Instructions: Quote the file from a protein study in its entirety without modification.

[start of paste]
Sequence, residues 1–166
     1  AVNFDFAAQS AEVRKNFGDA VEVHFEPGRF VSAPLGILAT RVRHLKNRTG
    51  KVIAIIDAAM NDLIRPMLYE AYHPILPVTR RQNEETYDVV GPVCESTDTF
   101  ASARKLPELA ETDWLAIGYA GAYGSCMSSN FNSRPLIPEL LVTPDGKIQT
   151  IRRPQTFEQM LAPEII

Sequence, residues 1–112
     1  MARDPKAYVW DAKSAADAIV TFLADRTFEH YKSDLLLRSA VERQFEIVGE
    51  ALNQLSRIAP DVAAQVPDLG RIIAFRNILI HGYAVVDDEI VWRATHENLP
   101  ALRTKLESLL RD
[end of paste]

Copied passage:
Sequence, residues 1–166
     1  AVNFDFAAQS AEVRKNFGDA VEVHFEPGRF VSAPLGILAT RVRHLKNRTG
    51  KVIAIIDAAM NDLIRPMLYE AYHPILPVTR RQNEETYDVV GPVCESTDTF
   101  ASARKLPELA ETDWLAIGYA GAYGSCMSSN FNSRPLIPEL LVTPDGKIQT
   151  IRRPQTFEQM LAPEII

Sequence, residues 1–112
     1  MARDPKAYVW DAKSAADAIV TFLADRTFEH YKSDLLLRSA VERQFEIVGE
    51  ALNQLSRIAP DVAAQVPDLG RIIAFRNILI HGYAVVDDEI VWRATHENLP
   101  ALRTKLESLL RD